A SEVERE epidemic of rubella appeared throughout a large part of the United States early in 1964, resulting in infection of many pregnant women.1,2 During the last months of 1964 and early in 1965 numerous infants were born with congenital abnormalities, including cataracts, congenital heart disease, thrombocytopenia, hepatosplenomegaly, bone lesions, and central nervous system damage.3,4 A causal relationship between maternal rubella and congenital abnormalities had been established over the past 20 years by clinical and epidemiologic observation.5-9 More recently, the relationship has been substantiated by serological studies of newborn infants with abnormalities10-12 as well as by the frequent recovery of rubella virus from these same infants.3,4,13,14 The incidence of congenital abnormalities due to the 1964 rubella epidemic is as yet incompletely assessed, but early estimates have ranged between 0.3% to 4.0% of infants in utero during the epidemic.4,15,16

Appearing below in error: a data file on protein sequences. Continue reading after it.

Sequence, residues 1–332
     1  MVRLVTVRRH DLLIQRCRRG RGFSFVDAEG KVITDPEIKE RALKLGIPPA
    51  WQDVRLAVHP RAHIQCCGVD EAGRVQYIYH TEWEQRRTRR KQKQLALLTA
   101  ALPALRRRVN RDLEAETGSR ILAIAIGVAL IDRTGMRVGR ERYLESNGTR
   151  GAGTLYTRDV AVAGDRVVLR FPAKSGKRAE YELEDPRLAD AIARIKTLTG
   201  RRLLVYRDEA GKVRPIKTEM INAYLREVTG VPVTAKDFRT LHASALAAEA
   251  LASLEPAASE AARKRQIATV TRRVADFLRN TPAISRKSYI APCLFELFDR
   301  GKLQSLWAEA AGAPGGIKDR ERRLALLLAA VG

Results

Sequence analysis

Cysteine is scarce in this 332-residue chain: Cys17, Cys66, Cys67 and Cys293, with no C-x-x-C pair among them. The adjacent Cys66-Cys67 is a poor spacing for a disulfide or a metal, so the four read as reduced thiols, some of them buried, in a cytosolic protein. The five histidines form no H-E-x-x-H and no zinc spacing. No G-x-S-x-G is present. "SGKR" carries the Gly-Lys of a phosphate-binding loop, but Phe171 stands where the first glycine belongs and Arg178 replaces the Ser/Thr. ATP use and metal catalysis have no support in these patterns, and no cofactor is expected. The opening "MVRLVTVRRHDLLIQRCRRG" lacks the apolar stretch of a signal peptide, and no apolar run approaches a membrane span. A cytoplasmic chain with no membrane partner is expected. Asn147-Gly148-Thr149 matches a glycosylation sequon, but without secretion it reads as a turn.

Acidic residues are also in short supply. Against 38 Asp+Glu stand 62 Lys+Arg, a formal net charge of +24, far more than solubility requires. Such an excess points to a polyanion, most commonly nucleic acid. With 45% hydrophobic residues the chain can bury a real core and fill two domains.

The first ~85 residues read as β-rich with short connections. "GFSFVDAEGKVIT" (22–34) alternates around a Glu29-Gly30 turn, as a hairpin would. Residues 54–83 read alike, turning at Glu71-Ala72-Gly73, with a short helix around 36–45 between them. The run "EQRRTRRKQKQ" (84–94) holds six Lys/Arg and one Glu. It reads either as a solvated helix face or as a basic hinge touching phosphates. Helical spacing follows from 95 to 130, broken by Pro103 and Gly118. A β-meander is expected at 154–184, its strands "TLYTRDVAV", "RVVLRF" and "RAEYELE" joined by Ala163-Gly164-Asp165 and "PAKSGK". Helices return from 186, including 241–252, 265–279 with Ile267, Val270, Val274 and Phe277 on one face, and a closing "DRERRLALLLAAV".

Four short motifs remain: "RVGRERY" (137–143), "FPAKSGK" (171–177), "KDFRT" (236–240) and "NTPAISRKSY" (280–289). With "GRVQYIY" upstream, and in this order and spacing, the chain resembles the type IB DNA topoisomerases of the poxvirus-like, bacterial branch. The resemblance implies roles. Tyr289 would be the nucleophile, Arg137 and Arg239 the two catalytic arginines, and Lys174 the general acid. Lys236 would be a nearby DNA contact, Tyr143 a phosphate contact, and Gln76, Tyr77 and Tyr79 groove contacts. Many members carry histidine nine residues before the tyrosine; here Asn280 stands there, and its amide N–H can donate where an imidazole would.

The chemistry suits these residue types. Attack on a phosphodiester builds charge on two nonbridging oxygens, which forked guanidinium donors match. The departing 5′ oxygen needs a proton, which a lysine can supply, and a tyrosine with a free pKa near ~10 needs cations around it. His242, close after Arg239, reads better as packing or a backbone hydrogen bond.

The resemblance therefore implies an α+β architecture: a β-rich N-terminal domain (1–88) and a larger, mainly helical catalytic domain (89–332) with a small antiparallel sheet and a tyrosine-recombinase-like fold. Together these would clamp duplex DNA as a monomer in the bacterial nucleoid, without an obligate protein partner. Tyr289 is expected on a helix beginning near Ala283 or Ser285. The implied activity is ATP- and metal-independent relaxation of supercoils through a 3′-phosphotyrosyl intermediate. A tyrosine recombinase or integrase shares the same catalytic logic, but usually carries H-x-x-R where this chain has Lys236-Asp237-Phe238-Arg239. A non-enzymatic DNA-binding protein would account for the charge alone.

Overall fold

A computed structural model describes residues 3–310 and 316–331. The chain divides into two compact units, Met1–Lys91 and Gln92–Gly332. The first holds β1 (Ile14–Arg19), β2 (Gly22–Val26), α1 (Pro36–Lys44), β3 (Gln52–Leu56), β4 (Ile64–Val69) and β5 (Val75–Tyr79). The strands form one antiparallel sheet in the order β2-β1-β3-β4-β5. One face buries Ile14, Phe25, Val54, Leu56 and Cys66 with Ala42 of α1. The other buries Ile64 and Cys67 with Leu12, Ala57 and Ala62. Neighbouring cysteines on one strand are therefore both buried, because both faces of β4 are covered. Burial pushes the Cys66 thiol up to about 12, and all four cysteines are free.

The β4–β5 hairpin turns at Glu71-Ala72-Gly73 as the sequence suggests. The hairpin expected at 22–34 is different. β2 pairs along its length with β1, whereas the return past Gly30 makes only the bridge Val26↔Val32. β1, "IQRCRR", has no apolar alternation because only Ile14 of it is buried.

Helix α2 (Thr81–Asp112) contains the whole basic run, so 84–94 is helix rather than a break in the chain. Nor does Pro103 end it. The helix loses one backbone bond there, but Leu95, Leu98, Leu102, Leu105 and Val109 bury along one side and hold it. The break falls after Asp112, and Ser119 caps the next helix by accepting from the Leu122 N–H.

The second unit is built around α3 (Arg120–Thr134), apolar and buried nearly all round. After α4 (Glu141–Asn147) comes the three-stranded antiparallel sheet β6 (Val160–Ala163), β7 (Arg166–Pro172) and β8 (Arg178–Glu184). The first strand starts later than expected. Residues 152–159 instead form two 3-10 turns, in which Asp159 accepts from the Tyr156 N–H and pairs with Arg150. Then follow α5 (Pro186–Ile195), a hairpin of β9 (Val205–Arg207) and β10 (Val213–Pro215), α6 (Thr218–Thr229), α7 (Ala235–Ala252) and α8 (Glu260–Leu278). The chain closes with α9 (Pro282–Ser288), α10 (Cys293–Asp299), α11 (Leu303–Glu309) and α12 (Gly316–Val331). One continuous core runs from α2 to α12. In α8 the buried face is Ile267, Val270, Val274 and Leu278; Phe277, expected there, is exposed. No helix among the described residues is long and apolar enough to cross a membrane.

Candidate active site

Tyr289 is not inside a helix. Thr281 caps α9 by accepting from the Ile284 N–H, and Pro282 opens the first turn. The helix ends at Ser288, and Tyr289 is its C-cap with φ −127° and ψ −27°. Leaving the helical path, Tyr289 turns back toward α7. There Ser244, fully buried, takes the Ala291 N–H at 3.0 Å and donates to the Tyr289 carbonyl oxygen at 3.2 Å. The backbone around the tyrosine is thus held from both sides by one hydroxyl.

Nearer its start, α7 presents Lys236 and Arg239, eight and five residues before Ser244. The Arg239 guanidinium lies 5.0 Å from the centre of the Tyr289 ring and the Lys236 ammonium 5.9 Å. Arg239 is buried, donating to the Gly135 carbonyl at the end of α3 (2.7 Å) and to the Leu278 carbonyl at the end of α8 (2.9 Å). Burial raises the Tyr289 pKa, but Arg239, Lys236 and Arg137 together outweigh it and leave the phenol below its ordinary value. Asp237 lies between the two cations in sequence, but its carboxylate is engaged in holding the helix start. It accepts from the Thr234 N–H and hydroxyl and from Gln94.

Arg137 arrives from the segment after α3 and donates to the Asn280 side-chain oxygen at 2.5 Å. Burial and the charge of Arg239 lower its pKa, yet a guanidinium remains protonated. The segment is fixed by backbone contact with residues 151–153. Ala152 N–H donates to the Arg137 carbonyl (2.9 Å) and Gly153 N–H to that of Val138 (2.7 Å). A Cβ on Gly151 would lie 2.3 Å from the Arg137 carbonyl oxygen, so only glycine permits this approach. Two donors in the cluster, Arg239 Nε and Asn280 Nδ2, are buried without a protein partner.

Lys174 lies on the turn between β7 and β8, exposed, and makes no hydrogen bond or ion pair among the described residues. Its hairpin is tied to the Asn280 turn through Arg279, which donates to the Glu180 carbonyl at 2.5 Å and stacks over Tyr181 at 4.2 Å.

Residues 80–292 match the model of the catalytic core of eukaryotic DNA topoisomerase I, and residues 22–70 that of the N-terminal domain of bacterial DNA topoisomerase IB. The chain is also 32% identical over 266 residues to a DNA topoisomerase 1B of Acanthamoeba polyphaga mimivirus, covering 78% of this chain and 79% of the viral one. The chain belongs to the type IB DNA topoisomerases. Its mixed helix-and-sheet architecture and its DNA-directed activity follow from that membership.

This current experience, in addition to
PLOTKIN SA, CORNFELD D, INGALLS TH. Studies of Immunization With Living Rubella Virus: Trials in Children With a Strain Cultured From an Aborted Fetus. Am J Dis Child. 1965;110(4):381–389. doi:10.1001/archpedi.1965.02090030401007
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